When you put the wrong date in your calendar for an interview with Jen Mann, the blogger/author behind [http://www.peopleiwanttopunchinthethroat.com|People I Want to Punch in the Throat], you kind of fear that you’ll be added to the list.
But Mann -- who will be coming to the downtown library for a [http://www.aadl.org/node/362580|moms’ night out event] on Wednesday, October 11 at 7 pm, as part of a book tour to promote her latest humorous essay collection, Working with People I Want to Punch in the Throat -- couldn’t have been more understanding, despite her famously feisty, tell-it-like-it-is persona.
Not so long ago -- last year, to be precise -- in a venue that’s close, close by, the [http://www.a2so.com|Ann Arbor Symphony Orchestra] (A2SO) played two sold-out concerts featuring John Williams’ music from the Harry Potter films. The audience response was so enthusiastic that A2SO immediately started making plans to perform two concerts featuring Star Wars music, and those concerts will happen Saturday night and Sunday afternoon (October 7-8) at the Michigan Theater.
“We were so overwhelmed (last year) ... and the audience, some of whom had never seen a live symphony concert before, told us that the music evoked powerful images for them, even though there was no visual component accompanying the music,” said A2SO conductor Arie Lipsky. “They also told us that they’d never thought that music had played such a vital role in the movies, and they thanked us for highlighting the music on its own. So many said, ‘Now we’re hooked on seeing live symphony orchestra shows,’ and we responded by investing in music from all the Star Wars movies.”
[http://billmckibben.com|Bill McKibben] has long been sounding the alarm about our changing climate.
The renowned environmentalist and author (including the landmark The End of Nature) founded [http://www.350.org|350.org], a worldwide organization dedicated to climate-change issues. He will speak at Hill Auditorium on Thursday, Oct. 5, on the topic “[https://www.eventbrite.com/e/2017-wege-lecture-on-sustainability-with-b…|Down to the Wire: A Hot Fight in a Hot World].”
If it seems like the fight has gotten more difficult lately, given the current federal administration’s refusal to even acknowledge the problem, McKibben isn’t about to give up. He says it’s still possible to take significant action.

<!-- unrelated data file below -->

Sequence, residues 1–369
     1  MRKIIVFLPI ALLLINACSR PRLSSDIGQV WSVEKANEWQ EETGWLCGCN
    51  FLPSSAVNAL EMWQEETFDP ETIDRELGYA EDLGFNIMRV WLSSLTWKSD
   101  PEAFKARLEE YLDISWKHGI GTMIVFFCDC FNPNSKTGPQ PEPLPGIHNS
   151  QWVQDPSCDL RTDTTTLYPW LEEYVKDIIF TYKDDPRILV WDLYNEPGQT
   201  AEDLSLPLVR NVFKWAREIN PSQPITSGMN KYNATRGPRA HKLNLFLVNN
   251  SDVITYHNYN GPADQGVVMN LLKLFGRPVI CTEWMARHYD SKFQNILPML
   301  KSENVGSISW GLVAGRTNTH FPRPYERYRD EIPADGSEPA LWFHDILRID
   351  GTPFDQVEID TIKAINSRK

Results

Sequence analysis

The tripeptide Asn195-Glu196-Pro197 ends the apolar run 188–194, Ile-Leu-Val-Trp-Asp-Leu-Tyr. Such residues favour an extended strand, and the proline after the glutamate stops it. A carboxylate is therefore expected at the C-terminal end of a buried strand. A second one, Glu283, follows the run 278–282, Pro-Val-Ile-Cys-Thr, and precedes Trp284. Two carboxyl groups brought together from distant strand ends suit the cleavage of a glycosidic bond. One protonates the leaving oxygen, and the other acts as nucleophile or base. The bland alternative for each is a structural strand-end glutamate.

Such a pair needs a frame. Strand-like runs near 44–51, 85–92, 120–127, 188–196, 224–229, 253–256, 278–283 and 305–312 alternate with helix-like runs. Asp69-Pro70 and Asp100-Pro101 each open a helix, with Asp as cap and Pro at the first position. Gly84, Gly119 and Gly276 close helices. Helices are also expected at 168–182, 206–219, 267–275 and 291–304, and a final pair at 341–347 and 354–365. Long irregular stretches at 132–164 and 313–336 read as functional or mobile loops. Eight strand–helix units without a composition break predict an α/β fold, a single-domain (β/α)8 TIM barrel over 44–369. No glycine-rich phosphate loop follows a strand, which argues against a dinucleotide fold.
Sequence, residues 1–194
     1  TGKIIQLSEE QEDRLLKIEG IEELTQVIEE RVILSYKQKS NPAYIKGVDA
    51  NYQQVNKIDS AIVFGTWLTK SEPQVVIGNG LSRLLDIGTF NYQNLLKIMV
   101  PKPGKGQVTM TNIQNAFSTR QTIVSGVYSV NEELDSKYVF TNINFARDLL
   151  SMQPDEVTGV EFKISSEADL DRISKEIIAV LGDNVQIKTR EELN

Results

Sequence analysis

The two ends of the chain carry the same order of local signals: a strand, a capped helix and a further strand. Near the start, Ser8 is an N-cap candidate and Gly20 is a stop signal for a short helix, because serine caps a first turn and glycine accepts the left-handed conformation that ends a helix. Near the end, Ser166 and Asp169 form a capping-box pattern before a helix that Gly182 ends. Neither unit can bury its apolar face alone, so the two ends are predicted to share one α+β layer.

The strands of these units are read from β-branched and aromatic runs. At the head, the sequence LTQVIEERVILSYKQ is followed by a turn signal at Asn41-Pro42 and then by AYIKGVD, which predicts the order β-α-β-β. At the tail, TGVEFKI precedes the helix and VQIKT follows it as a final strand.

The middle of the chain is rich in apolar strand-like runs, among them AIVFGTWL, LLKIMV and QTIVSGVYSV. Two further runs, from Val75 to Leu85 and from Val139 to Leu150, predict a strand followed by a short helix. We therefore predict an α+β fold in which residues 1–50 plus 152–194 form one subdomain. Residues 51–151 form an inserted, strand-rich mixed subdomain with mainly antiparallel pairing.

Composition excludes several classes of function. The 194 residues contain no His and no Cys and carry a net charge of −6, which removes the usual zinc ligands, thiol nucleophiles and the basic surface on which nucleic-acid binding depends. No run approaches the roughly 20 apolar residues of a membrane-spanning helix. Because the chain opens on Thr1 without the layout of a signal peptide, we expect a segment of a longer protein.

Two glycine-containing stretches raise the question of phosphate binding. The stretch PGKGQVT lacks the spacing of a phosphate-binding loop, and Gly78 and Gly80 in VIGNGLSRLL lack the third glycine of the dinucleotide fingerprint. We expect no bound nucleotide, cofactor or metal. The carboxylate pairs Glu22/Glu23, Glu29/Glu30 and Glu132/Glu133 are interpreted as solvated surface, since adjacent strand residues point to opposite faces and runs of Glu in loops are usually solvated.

When Jeffrey Myers, first violinist for the [http://calidorestringquartet.com|Calidore String Quartet], grew up watching the [http://www.emersonquartet.com|Emerson String Quartet], he didn’t imagine members of the world-acclaimed quartet would mentor him -- or that he would share the stage with them.
After all, the Emerson, named for Ralph Waldo Emerson, has accepted nine Grammys for its 30-plus recordings and performed all over the world since being established in 1976. Its members, violinists Eugene Drucker and Philip Setzer, violist Lawrence Dutton, and cellist Paul Watkins, have notable careers individually, too.
Yet, when the Emerson [https://ums.org/performance/emerson-string-quartet-calidore-quartet|performs in Ann Arbor] on October 5 at Rackham Auditorium, it will perform with the Calidore, which Myers and three friends -- second violinist Ryan Meehan, violist Jeremy Berry and cellist Estelle Choi -- formed when they were students at the Colburn Conservatory of Music in Los Angeles.
[https://www.nancypearl.com|Nancy Pearl] -- coming to [http://www.nicolasbooks.com/event/nancy-pearl-%E2%80%93-npr%E2%80%99s-l…|Nicola’s Books] on Wednesday, October 4 at 7 pm to talk about her new novel, George & Lizzie -- may be the only person in America who could be referred to as a “celebrity librarian.”
For she’s regularly featured on NPR, where she recommends and discusses books; and she was the model for a librarian action figure that boasts “amazing shushing action!”
But locals who’ve heard Pearl on the radio may not realize that she has deep local roots. Though she now calls Seattle home, Pearl grew up in Detroit and studied library science at the University of Michigan.